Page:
|Authors||Abel EJ, Culp SH, Meissner M, Matin SF, Tamboli P, Wood CG|
|Journal||BJU Int. Volume: 106 Issue: 9 Pages: 1277-83|
|Publish Date||2010 Nov|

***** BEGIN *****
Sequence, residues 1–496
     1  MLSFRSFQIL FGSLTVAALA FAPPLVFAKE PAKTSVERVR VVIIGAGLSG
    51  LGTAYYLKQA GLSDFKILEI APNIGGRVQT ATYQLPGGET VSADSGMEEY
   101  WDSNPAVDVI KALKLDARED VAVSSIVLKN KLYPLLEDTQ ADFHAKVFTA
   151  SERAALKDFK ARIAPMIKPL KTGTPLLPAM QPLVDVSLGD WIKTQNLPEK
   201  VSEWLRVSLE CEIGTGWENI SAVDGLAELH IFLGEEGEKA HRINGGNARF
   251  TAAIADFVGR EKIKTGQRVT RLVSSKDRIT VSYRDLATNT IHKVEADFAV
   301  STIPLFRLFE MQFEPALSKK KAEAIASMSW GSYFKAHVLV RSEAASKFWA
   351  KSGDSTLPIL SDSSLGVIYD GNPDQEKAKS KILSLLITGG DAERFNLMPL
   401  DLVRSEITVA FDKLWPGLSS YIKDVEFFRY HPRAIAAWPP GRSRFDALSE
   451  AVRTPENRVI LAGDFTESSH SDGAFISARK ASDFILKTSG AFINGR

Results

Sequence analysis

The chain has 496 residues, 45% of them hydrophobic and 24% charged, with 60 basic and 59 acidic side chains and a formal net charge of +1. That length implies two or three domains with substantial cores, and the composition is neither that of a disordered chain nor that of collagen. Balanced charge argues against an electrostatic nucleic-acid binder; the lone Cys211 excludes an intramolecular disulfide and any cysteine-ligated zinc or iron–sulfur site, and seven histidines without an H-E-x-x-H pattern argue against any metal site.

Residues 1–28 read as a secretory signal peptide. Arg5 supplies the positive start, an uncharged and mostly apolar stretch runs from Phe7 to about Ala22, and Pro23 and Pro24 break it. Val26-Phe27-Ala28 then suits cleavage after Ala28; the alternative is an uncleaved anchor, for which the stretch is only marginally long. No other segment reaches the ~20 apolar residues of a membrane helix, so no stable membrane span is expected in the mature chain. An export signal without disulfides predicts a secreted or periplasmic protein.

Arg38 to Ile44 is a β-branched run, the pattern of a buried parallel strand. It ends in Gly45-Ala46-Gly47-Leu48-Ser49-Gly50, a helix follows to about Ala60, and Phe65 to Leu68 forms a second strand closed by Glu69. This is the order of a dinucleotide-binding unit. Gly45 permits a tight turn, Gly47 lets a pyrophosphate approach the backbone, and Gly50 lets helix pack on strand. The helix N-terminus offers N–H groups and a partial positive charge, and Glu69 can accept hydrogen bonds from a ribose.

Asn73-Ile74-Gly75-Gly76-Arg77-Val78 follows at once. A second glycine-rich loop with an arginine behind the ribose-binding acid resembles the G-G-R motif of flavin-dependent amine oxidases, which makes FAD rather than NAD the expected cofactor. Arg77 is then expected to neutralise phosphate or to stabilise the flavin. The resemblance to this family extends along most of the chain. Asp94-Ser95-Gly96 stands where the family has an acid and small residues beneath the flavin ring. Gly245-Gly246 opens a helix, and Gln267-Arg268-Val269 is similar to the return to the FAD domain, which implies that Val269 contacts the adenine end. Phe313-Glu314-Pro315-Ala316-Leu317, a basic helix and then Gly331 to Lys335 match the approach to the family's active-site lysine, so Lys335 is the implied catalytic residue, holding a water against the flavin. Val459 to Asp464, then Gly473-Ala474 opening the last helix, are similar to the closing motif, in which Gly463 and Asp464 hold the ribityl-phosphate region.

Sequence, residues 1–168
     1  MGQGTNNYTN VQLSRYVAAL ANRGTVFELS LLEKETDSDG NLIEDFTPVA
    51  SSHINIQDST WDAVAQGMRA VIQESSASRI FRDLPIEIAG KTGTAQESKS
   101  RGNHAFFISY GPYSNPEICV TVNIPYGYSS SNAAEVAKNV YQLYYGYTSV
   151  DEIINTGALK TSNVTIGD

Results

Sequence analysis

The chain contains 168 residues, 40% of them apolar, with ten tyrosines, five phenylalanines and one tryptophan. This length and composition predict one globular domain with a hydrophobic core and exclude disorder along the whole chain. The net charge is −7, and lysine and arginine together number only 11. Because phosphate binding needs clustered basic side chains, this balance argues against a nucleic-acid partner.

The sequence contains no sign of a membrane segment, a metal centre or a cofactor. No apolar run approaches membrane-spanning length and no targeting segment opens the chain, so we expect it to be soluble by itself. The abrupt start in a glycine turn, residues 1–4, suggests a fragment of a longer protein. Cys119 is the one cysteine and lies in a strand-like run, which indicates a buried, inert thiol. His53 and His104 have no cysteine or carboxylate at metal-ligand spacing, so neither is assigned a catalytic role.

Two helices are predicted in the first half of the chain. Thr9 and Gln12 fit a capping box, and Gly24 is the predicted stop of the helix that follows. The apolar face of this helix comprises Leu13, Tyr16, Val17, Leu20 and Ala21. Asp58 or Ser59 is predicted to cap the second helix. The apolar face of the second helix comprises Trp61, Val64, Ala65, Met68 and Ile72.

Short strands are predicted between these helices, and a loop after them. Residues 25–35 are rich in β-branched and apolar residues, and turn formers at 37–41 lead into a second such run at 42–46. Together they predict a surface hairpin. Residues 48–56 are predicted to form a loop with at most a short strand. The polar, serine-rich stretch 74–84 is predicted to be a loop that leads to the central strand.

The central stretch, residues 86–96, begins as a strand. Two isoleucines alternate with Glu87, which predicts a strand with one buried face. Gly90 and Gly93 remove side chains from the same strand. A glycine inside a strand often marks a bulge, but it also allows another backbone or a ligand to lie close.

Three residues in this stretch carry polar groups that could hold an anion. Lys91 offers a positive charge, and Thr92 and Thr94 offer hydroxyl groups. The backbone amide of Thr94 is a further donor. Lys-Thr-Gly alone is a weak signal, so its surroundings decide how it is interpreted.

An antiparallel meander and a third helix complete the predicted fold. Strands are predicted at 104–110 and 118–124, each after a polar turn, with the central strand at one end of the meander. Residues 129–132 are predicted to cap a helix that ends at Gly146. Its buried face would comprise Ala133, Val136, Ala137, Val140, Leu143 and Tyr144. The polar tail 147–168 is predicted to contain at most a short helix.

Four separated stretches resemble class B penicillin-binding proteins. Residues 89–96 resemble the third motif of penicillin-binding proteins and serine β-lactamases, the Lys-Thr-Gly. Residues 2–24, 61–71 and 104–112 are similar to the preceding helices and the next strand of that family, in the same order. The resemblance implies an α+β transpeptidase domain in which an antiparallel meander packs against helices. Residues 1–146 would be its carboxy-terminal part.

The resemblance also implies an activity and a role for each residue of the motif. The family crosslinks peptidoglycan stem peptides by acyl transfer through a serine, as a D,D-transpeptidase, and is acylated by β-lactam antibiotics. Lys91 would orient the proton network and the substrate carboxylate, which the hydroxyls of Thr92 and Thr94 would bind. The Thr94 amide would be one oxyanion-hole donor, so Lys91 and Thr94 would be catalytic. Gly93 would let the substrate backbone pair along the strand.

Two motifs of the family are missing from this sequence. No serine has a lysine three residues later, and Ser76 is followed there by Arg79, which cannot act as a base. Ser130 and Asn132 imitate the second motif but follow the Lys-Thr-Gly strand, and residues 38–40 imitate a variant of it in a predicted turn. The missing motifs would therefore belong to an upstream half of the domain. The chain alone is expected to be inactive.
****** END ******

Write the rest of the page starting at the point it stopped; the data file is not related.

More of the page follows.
To identify factors in a large cohort of patients with pathologically localized renal cell carcinoma (RCC) that predicted disease progression after surgery, as RCC most commonly presents as a localized tumour which is treated with surgical excision.Using an institutional database, we identified all patients who underwent radical or partial nephrectomy and had pathologically confirmed pT1 or pT2 RCC. Multivariable stepwise logistic regression analysis was used to calculate an odds ratio corresponding to the odds of progression to metastatic disease during surveillance, based on several clinical and pathological variables. We defined those variables that remained significant on multivariable analysis as risk factors and, based on the number of risk factors, we assessed risk of disease progression.In all, 925 patients were eligible for analysis with a median follow-up of 48.2 months. There was progression to metastatic disease in 53 (5.7%) patients; pT1 in 20/774 (2.6%), pT2 in 33/151 (21.9%). Risk factors included pT2 disease, male gender, symptoms at presentation (local or constitutional), presence of sarcomatoid de-differentiation, and macroscopic necrosis on final pathology. In 177 patients with no risk factors, none progressed; 20 of 618 (3.2%) with one or two risk factors had progression at a median of 37.1 months; 33 of 130 (25.4%) with three or more risk factors progressed at a median of 25.2 months.We identified five risk factors that can help to predict those patients with pT1 or pT2 RCC at highest risk for disease progression after surgery. The potential for disease progression is exceedingly low in patients with no risk factors and surveillance can be minimized in this group.